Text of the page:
A lack of funds has prevented the implementation of a $50 billion master plan to save our coast, which remains on hold as the coast (America’s Delta) washes away.
Official state coastal policy is overseen by the Coastal Protection and Restoration Authority (CPRA), which remains locked in an ongoing dispute with one of its ‘rogue’ members, the Southeast Louisiana Flood Protection Authority-East (SLFPA-E). The issue involves a lawsuit brought by the SLFPA-E against 97 oil and gas companies to force these companies to pay for demonstrable damage to coastal landscape caused by decades of unmitigated energy production.
The official state position, as articulated by Governor Jindal and his spokesman Garret Graves (CPRA chair), is that the lawsuit threatens to jeopardize the ‘friendly’ (I would say cozy) relationship between the oil and gas industry and the coastal restoration program, which, although largely unfunded at present, will (according to this argument) ultimately be paid by federal appropriations, i.e., taxpayers. The argument goes that the lawsuit jeopardizes a ‘partnership’ with big oil, in which Louisiana either forgives or overlooks many billions of bucks worth of damage.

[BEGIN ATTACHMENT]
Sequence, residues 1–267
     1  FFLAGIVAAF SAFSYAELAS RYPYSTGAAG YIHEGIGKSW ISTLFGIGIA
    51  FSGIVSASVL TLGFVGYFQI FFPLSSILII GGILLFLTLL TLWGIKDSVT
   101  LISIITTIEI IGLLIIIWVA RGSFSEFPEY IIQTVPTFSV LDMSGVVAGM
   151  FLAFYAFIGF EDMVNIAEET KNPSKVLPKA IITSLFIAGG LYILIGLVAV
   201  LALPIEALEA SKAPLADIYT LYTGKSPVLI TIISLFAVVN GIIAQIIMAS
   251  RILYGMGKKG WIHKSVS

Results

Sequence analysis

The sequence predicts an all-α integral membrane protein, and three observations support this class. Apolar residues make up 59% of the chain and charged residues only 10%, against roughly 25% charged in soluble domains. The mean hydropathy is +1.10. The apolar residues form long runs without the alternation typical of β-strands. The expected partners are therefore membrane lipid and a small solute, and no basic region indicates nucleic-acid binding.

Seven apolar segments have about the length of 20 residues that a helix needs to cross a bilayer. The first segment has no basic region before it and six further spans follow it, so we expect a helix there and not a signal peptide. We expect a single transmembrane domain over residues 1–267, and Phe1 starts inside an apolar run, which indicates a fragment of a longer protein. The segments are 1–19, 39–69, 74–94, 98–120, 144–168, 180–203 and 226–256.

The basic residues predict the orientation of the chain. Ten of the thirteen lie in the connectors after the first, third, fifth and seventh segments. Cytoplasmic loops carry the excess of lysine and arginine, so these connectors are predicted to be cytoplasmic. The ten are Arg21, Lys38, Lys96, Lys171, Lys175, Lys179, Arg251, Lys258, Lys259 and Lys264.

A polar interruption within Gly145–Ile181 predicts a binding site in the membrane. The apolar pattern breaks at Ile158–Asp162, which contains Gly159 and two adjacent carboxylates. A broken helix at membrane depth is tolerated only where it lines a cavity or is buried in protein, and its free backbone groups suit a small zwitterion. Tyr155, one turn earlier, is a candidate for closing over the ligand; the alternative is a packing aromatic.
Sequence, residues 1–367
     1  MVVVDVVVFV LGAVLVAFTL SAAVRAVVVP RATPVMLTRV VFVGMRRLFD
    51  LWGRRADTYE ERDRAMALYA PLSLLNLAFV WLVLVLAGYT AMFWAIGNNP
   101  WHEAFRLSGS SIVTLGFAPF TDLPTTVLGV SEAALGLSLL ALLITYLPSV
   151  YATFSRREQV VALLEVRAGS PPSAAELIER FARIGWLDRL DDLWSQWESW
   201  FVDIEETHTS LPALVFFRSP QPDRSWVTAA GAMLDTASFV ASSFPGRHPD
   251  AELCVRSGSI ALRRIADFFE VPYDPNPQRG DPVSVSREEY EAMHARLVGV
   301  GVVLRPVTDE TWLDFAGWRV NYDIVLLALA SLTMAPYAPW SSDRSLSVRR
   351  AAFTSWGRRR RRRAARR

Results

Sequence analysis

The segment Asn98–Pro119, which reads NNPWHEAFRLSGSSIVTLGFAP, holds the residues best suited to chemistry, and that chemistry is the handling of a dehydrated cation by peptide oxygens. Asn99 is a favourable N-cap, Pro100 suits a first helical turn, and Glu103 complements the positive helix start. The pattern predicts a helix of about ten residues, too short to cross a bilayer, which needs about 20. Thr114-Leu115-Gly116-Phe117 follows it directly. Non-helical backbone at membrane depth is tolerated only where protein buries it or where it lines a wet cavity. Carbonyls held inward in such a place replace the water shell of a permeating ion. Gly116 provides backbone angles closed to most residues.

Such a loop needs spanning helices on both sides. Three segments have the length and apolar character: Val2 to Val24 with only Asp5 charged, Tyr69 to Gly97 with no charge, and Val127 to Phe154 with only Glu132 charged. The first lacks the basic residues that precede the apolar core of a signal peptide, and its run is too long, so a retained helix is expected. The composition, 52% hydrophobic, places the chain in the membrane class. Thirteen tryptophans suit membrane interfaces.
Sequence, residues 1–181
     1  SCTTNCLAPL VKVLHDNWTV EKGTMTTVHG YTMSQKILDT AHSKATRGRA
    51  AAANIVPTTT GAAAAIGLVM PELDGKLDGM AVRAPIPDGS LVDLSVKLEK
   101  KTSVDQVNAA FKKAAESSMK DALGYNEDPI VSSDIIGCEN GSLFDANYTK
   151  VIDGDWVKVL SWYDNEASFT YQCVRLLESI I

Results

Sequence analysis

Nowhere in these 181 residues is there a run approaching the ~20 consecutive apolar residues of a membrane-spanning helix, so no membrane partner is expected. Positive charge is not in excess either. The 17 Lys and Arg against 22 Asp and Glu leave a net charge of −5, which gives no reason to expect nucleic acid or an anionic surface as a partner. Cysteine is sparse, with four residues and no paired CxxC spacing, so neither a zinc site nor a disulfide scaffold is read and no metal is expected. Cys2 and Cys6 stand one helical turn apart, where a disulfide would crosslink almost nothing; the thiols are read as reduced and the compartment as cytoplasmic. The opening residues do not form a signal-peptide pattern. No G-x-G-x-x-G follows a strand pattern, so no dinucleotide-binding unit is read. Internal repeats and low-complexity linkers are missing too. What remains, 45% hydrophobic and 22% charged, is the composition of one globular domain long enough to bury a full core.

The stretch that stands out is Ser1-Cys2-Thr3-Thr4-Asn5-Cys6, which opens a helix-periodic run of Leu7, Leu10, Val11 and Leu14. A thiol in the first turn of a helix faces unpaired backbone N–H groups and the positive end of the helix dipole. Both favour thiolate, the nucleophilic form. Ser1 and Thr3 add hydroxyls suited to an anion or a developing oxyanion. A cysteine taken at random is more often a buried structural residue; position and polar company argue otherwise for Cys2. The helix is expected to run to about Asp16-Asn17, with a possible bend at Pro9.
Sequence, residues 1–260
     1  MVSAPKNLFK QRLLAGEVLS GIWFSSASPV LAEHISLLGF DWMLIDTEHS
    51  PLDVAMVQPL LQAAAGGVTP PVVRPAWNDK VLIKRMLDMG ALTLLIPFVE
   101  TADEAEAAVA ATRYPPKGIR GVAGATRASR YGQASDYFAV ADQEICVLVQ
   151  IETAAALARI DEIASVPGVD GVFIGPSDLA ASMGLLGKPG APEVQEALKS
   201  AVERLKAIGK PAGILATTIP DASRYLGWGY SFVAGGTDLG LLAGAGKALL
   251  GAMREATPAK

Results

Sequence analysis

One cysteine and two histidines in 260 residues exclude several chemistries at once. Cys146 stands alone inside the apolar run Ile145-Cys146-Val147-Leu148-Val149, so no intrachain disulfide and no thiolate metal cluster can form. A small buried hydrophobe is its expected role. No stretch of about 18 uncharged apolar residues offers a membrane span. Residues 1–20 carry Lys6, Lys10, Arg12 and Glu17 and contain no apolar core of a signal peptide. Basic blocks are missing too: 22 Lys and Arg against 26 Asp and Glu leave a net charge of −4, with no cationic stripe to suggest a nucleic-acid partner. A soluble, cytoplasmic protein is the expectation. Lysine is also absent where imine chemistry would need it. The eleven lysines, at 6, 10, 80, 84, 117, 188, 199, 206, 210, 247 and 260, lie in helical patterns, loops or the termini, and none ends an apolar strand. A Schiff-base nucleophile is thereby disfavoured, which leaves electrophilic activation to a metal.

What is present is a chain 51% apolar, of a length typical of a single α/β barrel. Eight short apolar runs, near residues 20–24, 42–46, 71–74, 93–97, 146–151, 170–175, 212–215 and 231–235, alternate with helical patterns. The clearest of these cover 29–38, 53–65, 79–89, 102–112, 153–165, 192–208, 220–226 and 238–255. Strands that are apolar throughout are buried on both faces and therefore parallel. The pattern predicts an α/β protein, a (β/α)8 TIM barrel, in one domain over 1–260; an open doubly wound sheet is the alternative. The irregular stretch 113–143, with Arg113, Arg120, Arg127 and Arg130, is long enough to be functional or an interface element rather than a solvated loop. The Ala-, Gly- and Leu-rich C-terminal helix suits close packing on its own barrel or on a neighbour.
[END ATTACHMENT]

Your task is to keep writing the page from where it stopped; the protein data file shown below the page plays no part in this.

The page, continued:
On September 30 Bob Marshall reported in TheLensNOLA.org that the SLFPA-E and the CPRA are in a dispute with the Corps of Engineers over the transfer of ownership of and responsibility for the newly refurbished perimeter flood protection system.
The Advocate carried an AP story by Melinda Deslatte that records from the Louisiana Department of Natural Resources (DNR) show that the agency has not been collecting severance taxes. Meanwhile, the cost of maintaining the new $14 billion flood protection system is far beyond the capability of its local sponsor, the embattled SLFPA-E. If the state succeeds in abrogating this lawsuit we could be passing up funds in the range of tens of billions of dollars…monies that are desperately needed just to operate and maintain existing coastal protection upgrades. Talk about cutting off our noses to spite our faces.